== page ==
What does it take to join ASEAN?
Institute, ISEAS Yusof Ishak | June 2017
On May 16, while attending the Belt and Road Forum in China, Philippine President Rodrigo Duterte revealed that Turkey and Mongolia were interested to be part of the Association of Southeast Asian Studies (ASEAN), and had requested the Philippines – as ASEAN Chair for 2017 – to ‘sponsor their entry’. Mr Duterte shared that he had responded positively to these requests. He raised the matter with at least one ASEAN counterpart, Myanmar’s State Counsellor Daw Aung San Suu Kyi who inquired on the appropriateness of the request given the geographical disconnect of the two countries with the region. Daw Suu essentially raised the basic question of Turkey’s and Mongolia’s assertion as constituents of Southeast Asia, to which Mr Duterte responded with an unequivocal, “I would say that they are”. The news reports do not clarify whether Turkey and Mongolia indeed sought to be members of ASEAN. The ASEAN Secretariat’s Director for Community Affairs has been quoted as confirming that neither has applied to be considered as such. But as both countries have put in bids to be ASEAN Dialogue Partners, this may well have been the aim of their request to Mr Duterte. In fact, Turkey is seeking sectoral partnership as a first step. Nevertheless, the manner in which the requests were made, received, and communicated, merits an examination of what constitutes ASEAN membership, and the existing venues for non-Southeast Asian states to pursue closer relations with ASEAN.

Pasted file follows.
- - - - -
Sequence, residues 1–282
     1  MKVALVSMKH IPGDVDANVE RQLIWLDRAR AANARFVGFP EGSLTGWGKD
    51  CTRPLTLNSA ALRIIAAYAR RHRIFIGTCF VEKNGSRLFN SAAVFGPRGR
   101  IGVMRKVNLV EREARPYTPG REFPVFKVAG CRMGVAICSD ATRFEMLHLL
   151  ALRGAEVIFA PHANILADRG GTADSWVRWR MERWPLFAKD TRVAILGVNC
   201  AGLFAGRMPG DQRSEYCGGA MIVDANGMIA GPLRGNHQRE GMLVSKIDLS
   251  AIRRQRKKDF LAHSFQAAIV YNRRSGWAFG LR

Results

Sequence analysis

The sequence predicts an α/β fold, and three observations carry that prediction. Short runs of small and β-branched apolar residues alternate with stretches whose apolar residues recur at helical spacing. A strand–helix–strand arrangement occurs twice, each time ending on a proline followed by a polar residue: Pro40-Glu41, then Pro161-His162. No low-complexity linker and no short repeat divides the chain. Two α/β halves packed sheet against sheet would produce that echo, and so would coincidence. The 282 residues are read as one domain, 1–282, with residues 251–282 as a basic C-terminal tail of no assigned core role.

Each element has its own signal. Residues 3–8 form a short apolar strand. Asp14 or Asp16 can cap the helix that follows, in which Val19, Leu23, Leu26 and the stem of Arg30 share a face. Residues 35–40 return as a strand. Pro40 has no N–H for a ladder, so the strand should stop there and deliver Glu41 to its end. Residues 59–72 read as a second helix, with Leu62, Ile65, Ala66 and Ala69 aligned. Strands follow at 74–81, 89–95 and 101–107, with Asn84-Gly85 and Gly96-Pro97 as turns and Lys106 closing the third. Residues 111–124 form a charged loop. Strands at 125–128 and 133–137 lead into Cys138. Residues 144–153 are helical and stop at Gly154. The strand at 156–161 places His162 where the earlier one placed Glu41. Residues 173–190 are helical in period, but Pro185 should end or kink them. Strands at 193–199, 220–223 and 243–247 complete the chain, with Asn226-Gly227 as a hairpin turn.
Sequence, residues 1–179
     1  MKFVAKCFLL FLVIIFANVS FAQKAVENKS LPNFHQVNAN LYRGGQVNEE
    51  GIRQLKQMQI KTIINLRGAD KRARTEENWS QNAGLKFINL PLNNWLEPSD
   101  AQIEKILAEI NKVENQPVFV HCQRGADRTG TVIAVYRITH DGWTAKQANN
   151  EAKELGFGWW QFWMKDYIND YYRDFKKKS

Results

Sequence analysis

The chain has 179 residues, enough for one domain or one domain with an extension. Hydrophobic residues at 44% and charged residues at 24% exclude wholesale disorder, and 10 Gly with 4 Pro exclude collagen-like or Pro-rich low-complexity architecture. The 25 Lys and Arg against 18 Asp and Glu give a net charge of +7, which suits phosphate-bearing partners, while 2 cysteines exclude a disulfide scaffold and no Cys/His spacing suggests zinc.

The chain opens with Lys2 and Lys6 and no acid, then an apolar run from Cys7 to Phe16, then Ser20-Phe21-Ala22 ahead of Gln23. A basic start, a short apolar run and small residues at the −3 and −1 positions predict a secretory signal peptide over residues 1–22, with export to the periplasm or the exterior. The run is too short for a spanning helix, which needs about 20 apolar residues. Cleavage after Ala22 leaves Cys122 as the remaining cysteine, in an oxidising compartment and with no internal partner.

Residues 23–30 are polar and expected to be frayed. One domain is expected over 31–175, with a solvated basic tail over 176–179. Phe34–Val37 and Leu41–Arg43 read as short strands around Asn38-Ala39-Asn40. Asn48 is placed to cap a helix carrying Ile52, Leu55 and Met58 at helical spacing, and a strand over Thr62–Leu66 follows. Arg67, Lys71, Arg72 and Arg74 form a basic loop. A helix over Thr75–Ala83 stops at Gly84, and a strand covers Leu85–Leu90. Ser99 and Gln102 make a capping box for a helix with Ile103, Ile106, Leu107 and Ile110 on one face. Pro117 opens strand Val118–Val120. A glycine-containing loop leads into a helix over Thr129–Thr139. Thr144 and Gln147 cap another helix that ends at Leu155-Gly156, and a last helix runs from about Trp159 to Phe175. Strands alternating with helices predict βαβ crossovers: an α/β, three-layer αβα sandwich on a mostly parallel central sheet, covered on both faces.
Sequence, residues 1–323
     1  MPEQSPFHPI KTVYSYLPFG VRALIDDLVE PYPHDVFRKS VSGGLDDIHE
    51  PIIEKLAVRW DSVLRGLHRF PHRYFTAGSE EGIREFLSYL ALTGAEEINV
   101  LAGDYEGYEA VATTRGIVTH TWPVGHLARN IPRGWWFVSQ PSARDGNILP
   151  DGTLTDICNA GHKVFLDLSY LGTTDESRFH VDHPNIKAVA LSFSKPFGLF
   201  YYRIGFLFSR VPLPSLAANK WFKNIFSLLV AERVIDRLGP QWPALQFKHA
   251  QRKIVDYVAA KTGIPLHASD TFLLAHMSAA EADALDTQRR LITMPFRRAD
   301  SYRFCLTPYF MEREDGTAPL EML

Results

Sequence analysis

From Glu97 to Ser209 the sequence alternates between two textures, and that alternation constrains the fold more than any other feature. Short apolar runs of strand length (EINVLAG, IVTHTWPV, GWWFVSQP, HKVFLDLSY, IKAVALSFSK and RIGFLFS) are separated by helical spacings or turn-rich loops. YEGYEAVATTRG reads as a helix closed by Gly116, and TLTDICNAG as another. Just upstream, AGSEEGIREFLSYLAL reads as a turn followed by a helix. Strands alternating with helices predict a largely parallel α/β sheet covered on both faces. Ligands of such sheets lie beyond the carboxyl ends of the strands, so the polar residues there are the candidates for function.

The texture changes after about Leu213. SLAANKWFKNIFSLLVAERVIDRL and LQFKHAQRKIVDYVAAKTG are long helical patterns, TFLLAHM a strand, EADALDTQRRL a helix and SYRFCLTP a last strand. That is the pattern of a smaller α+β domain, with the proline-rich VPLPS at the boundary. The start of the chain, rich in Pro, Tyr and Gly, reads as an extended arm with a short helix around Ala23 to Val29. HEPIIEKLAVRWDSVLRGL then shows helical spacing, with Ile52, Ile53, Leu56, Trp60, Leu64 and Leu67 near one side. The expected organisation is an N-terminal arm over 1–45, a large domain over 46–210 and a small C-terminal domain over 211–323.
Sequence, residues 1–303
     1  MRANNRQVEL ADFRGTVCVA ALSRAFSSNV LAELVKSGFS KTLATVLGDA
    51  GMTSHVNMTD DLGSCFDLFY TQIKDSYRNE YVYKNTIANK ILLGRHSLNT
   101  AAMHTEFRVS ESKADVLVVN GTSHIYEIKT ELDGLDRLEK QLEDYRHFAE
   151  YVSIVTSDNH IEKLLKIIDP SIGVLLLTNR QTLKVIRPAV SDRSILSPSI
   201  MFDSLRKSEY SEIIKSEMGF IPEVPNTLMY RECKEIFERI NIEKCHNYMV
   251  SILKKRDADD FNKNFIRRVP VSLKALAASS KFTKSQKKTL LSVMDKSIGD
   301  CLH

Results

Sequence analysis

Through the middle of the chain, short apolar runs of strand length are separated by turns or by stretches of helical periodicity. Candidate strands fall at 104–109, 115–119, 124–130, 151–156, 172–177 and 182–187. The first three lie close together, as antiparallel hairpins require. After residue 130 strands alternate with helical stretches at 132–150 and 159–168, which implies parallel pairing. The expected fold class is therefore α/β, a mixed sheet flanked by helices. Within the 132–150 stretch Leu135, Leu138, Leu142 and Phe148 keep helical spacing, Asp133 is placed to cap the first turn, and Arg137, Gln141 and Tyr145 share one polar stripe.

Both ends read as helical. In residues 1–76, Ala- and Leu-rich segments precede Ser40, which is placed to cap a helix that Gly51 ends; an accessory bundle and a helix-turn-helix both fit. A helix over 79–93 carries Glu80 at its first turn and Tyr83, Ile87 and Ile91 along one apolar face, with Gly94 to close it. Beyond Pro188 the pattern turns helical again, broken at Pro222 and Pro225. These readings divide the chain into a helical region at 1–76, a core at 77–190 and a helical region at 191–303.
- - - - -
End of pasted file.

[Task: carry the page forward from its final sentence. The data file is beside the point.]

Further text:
CitationInstitute, ISEAS Yusof Ishak. 2017. What does it take to join ASEAN?. © ISEAS Yusof Ishak Institute. http://hdl.handle.net/11540/7100.
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